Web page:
How To Uncover Your Customer’s Hidden Needs

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Honest feedback from your customers is the best way to improve any hiccups in your Customer Experience. Social norms, however, can get right in the way of getting that honest feedback, at least in some instances. Overcoming the obstacle of social norms is a crucial activity for today’s Customer Experience professionals. We have X surefire ways to get your customers to talk.

I’m sure we have all done the following or something similar. You go to a restaurant and there are problems. Maybe the food takes a long time. Maybe the waiter brings the wrong stuff or forgot to leave the cheese off the burger. It could be that the bill was wrong. As you are getting up to leave the manager comes by and asks, “How was everything tonight?” You say, “Great, thanks!” But it wasn’t great and you aren’t happy, yet everyone is smiling right now.

Why Do We Do This?

My colleague, Professor Ryan Hamilton of Emory University says we do this because of our social norms. We have “unwritten rules” that dictate how we should behave with other people and in the U.K. and the U.S., one of those dictates is that we do not want to invite confrontation or be confrontational with others.

To be honest with the restaurant manager would cost us emotionally because we would feel uncomfortable. Those feelings of discomfort would be compounded by how we know we are making the other person feel. Simply put, it is not worth the discomfort it would cause everyone involved to be honest about our disappointment with the dining experience.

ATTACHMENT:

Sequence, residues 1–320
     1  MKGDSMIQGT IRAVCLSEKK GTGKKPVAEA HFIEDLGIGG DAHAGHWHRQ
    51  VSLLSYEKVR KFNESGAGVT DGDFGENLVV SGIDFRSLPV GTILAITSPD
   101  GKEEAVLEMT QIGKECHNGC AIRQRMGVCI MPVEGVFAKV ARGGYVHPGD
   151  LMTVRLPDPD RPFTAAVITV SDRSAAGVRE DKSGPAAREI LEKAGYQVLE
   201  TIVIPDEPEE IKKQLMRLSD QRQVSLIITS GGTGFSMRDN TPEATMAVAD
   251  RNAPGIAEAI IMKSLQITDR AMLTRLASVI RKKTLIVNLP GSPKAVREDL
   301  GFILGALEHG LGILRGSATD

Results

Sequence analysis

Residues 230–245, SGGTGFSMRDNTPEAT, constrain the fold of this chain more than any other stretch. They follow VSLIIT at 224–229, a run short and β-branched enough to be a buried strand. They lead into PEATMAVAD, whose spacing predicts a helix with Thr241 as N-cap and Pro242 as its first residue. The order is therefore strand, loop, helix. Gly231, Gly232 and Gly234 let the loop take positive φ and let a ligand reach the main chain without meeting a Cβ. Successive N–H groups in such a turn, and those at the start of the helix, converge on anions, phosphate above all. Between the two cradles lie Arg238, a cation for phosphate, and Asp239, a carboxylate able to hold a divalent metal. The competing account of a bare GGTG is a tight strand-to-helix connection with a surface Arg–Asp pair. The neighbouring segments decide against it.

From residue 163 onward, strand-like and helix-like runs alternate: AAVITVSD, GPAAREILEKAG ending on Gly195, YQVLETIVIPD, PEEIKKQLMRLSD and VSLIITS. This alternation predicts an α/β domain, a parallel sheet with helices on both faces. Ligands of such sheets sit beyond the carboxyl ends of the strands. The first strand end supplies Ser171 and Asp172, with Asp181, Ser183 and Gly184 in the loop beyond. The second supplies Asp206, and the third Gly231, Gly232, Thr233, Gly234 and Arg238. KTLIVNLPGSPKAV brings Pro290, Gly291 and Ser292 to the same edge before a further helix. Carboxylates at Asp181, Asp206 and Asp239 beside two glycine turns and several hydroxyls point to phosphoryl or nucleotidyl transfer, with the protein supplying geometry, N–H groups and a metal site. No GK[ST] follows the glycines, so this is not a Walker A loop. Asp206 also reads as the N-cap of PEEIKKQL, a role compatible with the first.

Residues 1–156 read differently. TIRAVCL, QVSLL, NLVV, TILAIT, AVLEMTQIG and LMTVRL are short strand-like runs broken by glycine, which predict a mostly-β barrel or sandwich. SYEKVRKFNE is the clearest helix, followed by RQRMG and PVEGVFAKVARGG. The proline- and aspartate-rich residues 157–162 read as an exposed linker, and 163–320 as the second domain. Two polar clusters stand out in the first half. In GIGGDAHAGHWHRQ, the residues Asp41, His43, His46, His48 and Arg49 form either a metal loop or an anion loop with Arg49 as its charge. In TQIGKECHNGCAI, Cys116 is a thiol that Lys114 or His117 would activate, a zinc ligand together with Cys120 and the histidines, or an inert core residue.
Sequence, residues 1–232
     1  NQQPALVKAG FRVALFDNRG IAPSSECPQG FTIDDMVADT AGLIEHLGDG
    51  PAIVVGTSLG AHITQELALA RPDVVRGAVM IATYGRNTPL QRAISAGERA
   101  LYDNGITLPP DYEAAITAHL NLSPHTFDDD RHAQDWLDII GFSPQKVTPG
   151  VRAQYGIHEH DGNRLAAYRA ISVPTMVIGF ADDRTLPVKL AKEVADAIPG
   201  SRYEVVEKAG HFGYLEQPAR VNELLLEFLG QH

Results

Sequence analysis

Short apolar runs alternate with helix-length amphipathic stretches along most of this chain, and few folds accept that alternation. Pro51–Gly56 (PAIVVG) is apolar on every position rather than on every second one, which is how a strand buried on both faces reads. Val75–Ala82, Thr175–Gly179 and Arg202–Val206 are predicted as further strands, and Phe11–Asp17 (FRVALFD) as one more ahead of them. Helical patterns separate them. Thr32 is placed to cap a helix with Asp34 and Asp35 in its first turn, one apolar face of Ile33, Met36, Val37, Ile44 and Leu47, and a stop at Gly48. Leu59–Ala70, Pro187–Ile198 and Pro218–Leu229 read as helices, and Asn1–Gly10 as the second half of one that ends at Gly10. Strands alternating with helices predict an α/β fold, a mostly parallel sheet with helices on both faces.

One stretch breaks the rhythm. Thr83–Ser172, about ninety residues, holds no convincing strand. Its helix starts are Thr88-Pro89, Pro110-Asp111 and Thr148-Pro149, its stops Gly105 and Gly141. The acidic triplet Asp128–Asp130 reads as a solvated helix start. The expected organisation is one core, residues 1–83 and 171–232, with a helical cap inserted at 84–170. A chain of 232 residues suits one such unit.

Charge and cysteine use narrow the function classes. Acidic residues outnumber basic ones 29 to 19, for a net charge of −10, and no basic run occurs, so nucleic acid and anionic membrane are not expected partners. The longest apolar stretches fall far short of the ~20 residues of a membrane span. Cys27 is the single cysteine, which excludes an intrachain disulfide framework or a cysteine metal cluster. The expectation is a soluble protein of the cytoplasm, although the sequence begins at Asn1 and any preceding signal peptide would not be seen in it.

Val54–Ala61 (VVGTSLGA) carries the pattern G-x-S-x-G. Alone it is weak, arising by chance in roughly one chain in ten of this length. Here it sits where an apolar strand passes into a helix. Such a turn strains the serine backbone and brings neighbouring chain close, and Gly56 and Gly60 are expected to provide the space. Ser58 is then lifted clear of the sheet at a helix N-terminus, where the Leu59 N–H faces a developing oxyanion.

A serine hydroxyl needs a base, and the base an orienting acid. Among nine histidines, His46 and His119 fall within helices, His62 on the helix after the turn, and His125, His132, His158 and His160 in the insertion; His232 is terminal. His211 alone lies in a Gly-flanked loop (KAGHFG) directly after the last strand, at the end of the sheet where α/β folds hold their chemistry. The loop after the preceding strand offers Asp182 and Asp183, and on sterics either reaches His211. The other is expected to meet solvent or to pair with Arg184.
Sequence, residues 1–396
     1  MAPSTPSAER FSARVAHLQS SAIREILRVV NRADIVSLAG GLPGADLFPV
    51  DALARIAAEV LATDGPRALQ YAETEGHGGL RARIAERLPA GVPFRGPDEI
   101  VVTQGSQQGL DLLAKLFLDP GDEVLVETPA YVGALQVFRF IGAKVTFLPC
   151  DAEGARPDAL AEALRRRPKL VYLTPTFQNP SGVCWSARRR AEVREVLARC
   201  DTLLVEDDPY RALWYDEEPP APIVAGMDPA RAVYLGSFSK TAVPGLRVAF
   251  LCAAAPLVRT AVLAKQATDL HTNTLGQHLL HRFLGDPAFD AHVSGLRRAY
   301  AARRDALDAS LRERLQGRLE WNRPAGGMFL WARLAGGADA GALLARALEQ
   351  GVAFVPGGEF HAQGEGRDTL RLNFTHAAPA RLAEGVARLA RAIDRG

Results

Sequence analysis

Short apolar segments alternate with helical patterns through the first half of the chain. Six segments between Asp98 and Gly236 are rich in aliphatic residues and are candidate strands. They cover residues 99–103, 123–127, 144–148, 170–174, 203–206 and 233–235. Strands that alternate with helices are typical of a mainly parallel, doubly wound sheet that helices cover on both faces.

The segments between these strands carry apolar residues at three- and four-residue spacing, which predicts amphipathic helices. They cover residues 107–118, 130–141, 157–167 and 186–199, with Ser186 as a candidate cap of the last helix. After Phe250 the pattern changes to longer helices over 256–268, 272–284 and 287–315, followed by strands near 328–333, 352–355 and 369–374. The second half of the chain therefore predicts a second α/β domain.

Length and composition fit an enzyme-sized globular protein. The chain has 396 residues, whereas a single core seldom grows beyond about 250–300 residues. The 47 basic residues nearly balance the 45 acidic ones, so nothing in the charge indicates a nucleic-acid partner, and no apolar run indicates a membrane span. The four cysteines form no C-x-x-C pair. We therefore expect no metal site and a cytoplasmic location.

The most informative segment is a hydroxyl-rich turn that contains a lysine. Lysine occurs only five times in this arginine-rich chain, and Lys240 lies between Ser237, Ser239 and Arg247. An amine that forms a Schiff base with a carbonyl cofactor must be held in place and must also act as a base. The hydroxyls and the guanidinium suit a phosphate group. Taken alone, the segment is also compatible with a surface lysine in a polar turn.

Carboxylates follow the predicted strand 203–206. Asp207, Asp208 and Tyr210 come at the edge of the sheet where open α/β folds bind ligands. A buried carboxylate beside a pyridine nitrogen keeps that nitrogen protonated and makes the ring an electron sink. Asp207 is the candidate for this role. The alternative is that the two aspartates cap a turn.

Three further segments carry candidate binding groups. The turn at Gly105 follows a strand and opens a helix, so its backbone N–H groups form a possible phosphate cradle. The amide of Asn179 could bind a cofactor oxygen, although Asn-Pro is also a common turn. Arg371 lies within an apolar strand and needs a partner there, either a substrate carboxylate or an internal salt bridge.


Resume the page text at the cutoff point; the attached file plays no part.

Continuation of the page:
However, later, when we are talking with friends, it costs us nothing to be honest about the experience and does not violate an unwritten rule of interacting with other people. It is then that we let it all hang out. All our disappointment, disgust, and frustrations pour forth like a dam burst of repressed candor.

We have been thinking about this situation thus far as the customer who was unsatisfied and lying about it to save discomfort. What if we picture ourselves as the manager who wants the customer to come back? It is as the manager that we see how this social norm of avoiding confrontation could be costing you a lot more in the customer loyalty and retention department than it does in emotional discomfort. What is worse, we would never know why!

I travel a lot for my work, to all parts of the world and all different cultures. I have learnt in my globe-trotting that this social norm is not in every culture. Some parts of the world do not view confrontation in the negative. Telling the restaurant manager the whole truth is what is expected and “normal” for those cultures.

So….How do we get customers to talk and discover what they need?

We need customers to talk to us in order to uncover their needs. However, unless you manage a restaurant in one of those cultures where honesty is valued even when it is confrontational, getting your customer to talk can be difficult, but no less crucial.

Before I share the suggestions that will elicit the response you really want from your customers, aka, the truth, I want to tell you the secret behind all great customer feedback success stories:

Customers do not bother to tell truth unless they think you are listening to them.